The League of Women Voters supports the right to vote, which we consider the most important voice in a democracy. After all, voting is in our name: It’s what we do and what we encourage others to do.
When the League takes a position on an issue, it is done so after lengthy and in-depth study of that issue. When the League backed Proposition 2, our support was based on solid facts and years of advocacy for the tens of thousands of Idahoans who had no access to basic health care coverage.
When Idahoans spoke with their votes on Prop. 2, they were addressing the Legislature. Prop. 2 did not ask for Medicaid expansion with barriers and caveats. It spoke for medical insurance for those whose income was too high to qualify for existing Medicaid and not enough to qualify for subsidized insurance under the Affordable Care Act – the so-called insurance gap.
The League of Women Voters of Idaho formally voices opposition to any bill that includes cuts and other modifications to the Medicaid expansion proposition as passed by 61 percent of the voters in November’s election.
The LWVID works to support voter education, voter registration and voting your choice. The voters in Idaho have spoken clearly. Their wish is to have Medicaid expansion, fully funded, and with no barriers to coverage that would prevent Idahoans from receiving the care they need to stay healthy. We know that rural Idahoans, those with disabilities, the elderly, children, and those with limited income are at risk of losing Medicaid. Taking away health coverage does nothing to create healthy families, who in turn keep our communities vital and our economy strong.
According to the Idaho Center for Fiscal Policy, a nonpartisan, nonprofit organization, Medicaid expansion will bring tax dollars back to Idaho as part of the federal government’s 90 percent portion of Medicaid expense. In turn, expansion will lead to the creation of more than 5,600 new jobs related to the increased demand for health care under expanded Medicaid.
Doctors, nurses, office and other support staff will be needed. They will pay taxes, buy groceries, shop local stores, purchase homes, and contribute in many other ways toward making their communities better and healthier places to live and work.
Adding eligibility restrictions would eliminate much of this economic stimulus of expanding Medicaid.
The more than 30 states that have expanded Medicaid have ample data showing healthy people are more productive at work or at school. In Michigan and Ohio when workers received access to Medicaid, they took 10 percent fewer sick days. Taking away coverage only compounds the problem by putting individual Idahoans at risk and doing so at taxpayer expense.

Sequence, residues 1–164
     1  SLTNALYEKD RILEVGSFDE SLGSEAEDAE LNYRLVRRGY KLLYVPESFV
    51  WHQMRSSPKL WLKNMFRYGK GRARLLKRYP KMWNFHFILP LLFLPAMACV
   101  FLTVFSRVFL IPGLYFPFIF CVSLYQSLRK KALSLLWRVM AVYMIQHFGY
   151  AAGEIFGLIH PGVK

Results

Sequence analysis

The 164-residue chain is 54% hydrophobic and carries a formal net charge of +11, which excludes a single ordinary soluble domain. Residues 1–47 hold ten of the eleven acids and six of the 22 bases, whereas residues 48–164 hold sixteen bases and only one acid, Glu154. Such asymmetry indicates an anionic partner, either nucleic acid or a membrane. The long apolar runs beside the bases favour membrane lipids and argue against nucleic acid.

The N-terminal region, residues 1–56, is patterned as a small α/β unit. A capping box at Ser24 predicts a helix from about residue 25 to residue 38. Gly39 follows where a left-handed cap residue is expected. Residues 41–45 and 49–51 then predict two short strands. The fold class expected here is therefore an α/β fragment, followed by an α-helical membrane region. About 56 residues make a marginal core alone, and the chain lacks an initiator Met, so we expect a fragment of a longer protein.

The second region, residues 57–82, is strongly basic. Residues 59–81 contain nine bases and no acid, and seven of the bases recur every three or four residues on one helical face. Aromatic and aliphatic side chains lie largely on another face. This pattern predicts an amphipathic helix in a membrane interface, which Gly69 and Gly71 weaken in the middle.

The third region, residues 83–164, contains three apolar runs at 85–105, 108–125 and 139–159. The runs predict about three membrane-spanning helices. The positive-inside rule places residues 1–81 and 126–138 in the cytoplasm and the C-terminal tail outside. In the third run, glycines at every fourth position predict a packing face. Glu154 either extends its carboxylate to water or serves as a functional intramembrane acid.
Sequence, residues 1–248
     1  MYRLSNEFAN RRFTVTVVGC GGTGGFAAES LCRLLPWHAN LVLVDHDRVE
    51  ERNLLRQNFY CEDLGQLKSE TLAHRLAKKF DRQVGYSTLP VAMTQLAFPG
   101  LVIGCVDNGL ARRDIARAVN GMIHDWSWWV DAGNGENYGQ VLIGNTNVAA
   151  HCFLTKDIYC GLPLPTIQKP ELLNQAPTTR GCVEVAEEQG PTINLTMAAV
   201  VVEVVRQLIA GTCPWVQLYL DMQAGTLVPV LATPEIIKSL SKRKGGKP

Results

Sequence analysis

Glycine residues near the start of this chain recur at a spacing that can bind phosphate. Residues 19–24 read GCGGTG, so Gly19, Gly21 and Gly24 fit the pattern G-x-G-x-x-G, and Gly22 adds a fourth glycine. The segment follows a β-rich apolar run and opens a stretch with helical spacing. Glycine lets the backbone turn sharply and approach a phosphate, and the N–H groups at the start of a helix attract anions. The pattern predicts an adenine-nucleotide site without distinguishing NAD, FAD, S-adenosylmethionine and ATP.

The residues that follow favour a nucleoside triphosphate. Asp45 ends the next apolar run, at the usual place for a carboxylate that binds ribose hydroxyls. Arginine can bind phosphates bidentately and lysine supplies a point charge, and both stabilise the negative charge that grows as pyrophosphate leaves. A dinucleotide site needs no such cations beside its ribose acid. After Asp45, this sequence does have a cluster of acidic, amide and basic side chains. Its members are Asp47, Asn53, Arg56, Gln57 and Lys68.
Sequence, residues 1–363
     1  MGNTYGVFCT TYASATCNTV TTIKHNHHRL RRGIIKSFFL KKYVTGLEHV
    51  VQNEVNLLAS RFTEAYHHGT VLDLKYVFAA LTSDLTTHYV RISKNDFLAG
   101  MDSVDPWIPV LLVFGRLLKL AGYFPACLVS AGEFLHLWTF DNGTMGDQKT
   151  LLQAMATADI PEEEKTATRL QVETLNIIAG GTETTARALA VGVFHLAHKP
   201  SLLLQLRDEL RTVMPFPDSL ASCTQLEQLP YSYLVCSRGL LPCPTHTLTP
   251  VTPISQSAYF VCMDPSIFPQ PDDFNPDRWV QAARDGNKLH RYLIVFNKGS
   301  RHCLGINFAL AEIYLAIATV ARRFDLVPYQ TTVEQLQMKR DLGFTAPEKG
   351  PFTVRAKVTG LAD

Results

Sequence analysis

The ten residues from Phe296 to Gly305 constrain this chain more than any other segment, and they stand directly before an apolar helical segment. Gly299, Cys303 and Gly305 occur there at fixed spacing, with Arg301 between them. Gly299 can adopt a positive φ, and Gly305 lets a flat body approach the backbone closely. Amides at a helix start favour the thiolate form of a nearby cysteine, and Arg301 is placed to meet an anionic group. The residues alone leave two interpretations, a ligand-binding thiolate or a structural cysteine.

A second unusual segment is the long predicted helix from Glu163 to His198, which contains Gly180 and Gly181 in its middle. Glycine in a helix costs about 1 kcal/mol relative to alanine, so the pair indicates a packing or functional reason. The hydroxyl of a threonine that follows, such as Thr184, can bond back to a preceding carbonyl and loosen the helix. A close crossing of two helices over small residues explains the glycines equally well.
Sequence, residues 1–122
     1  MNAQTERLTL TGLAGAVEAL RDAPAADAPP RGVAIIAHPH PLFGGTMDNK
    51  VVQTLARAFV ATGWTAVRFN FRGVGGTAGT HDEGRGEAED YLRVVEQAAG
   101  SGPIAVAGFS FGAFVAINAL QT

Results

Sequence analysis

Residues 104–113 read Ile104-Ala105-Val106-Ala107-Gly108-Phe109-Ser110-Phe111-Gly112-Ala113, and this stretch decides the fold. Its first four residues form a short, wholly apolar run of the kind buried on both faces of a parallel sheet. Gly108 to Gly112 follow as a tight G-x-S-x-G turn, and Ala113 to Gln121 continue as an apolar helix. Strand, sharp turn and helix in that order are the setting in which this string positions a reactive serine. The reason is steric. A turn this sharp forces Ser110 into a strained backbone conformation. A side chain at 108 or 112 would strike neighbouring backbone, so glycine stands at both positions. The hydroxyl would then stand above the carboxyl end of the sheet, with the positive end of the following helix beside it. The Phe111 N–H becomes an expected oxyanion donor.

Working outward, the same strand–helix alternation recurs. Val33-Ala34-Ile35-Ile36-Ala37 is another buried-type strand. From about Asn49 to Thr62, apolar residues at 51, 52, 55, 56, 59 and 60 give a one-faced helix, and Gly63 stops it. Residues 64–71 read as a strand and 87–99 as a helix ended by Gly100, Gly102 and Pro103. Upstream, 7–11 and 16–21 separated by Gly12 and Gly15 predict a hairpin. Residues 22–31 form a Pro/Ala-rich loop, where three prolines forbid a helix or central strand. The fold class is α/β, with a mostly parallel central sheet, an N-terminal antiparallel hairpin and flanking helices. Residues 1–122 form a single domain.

A bill with sidebars will just grow more government with bureaucracy and red tape, and it will cause eligible families to lose coverage. Medicaid restrictions that cause Idahoans to lose coverage would mean the state would need to preserve expensive crisis care measures like the Catastrophic Health Care program and indigent funds to cover uninsured Idahoans at taxpayer expense. In Kentucky and Pennsylvania alone, costs for such barriers incurred hundreds of millions of dollars in added expense and hundreds of new staff were needed to administer the increased bureaucracy.
In addition, the sidebars could lead to expensive lawsuits. Arkansas and Kentucky have become mired in litigation concerning the legality of the barriers they erected to Medicaid expansion and the effects on their populations. Why risk millions in Idaho taxpayer dollars when other states have already shown the folly of this path?
The LWVID stands with the will of the voters of Idaho in support of fully funding an unmodified Medicaid expansion with no barriers to coverage for any Idahoan. The LWVID strongly supports full funding and opposes any bill with barriers for Medicaid expansion.
Please encourage your district legislators to vote to expand unmodified Medicaid for Idaho. Their vote will save state and county dollars; grow Idaho’s economy; create a healthy and productive workforce; and improve access to health care for rural communities.